I decided keeping 2 the same databases on the server. Let's call them LOAD and PROD databases.
LOAD and PROD databases are the same at the time ETL process is started. ETL starts loading data to the LOAD database. If load is successful then LOAD database keeps the new data and PROD keeps the previous day's data.The next two steps will be done consecutively with no delay time in between.
Step 1 and 2 rename production database to the OLD database and rename LOAD database to PROD database. The rename process takes less than a second.
Step 3 backup production database and restore LOAD database from PROD backup to prepare for the next day's load. At the end we have the previous day's data in OLD database, current day's data in PROD database, and current day's data ready for the next day's load.
If you can't afford to keep 3 databases because of drive space restrictions or some other factors, then OLD database can be dropped. You don't need to restore LOAD database until the next load is started and it can be the first step for the ETL process. The picture below shows the whole process logic.
Let's see the code for the parts of the process.
Step - Kill database connections.
CREATE procedure dbo.KILL_DB_CONNECTIONS @db_nm varchar(50) as begin SET NOCOUNT ON declare @tmpkill table (cmd varchar(255), tid int identity(1,1)) declare @cnt int, @cmd varchar(4000), @minid smallint, @maxid smallint insert into @tmpkill(cmd) select 'kill ' + cast(sp.spid as varchar) from master..sysprocesses sp inner join master..sysdatabases sd on sp.dbid = sd.dbid where sd.name = @db_nm and sp.spid <> @@SPID select @minid = min(tid), @maxid = max(tid) from @tmpkill while (@minid <= @maxid) begin select @cmd = cmd from @tmpkill where tid = @minid exec (@cmd) set @minid = @minid + 1 end SET NOCOUNT OFF End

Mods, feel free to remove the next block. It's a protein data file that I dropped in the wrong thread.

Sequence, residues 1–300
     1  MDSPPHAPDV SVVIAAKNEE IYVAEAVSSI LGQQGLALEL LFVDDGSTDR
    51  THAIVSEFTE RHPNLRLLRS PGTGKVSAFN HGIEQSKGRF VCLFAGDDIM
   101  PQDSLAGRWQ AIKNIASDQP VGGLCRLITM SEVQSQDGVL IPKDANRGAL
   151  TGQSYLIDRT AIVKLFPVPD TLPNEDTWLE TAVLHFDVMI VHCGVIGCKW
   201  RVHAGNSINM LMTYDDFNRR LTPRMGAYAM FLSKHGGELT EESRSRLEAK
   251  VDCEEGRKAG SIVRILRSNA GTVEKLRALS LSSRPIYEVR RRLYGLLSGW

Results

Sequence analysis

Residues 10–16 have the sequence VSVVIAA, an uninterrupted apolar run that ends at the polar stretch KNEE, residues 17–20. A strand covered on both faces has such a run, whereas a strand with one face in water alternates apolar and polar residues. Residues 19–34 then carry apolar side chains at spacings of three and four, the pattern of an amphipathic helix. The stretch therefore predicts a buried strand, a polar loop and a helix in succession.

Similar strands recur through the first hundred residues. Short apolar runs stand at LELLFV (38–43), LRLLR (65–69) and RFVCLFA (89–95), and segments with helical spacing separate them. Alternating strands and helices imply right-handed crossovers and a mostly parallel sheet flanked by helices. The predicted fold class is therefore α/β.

Step Set database to Single User Mode
SINGLE_USER | RESTRICTED_USER | MULTI_USER controls which users may access the database. When SINGLE_USER is specified, only one user at a time can access the database. MULTI_USER returns the database to its normal operating state
ALTER DATABASE PROD SET SINGLE_USER with rollback immediate
You need to remember that ALTER DATABASE permissions default to members of the sysadmin and dbcreator fixed server roles, and to members of the db_owner fixed database roles. These permissions are not transferable.
ROLLBACK IMMEDIATE specifies whether to roll back after the specified number of seconds or immediately. If the termination clause is omitted, transactions are allowed to commit or roll back on their own. Remember that this database is a data warehouse and used as READ ONLY source.
Step Modify database name
Alter database PROD modify name = OLD
Step Set database to Multiuser mode
ALTER DATABASE PROD set MULTI_USER
Step backup database to the database device
Backup database PROD to PROD_BAK with INIT